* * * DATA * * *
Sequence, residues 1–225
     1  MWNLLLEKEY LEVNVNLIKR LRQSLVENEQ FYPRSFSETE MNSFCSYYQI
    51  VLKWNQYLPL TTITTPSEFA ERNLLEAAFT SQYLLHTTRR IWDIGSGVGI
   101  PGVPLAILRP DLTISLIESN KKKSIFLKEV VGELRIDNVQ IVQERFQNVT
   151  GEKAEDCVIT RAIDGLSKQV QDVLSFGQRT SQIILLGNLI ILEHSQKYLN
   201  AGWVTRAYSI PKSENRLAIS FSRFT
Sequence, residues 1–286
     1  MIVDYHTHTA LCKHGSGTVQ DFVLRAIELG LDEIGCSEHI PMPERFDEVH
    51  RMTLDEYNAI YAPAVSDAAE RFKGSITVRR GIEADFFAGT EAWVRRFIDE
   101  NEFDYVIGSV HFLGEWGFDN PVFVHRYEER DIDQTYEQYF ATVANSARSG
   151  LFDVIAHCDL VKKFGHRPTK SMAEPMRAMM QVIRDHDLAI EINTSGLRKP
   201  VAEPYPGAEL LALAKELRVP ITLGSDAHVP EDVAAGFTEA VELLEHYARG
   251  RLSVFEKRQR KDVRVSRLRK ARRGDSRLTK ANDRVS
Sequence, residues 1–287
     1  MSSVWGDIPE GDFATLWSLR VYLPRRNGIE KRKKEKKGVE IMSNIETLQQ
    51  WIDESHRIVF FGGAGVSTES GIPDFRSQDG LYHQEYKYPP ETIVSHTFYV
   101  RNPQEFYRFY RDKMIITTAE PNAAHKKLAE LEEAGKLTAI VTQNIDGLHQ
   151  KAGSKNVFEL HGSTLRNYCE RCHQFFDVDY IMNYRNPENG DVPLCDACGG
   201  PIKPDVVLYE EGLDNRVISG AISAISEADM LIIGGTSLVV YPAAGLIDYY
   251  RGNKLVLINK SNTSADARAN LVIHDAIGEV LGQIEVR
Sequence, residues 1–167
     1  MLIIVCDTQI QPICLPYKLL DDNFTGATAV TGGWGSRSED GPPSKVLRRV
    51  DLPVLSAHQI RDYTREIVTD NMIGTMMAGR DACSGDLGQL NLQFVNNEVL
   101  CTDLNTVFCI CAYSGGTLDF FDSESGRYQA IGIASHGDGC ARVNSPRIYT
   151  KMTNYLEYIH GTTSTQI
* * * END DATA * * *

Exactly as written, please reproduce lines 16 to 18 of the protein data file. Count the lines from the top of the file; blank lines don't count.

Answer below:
    51  WIDESHRIVF FGGAGVSTES GIPDFRSQDG LYHQEYKYPP ETIVSHTFYV
   101  RNPQEFYRFY RDKMIITTAE PNAAHKKLAE LEEAGKLTAI VTQNIDGLHQ
   151  KAGSKNVFEL HGSTLRNYCE RCHQFFDVDY IMNYRNPENG DVPLCDACGG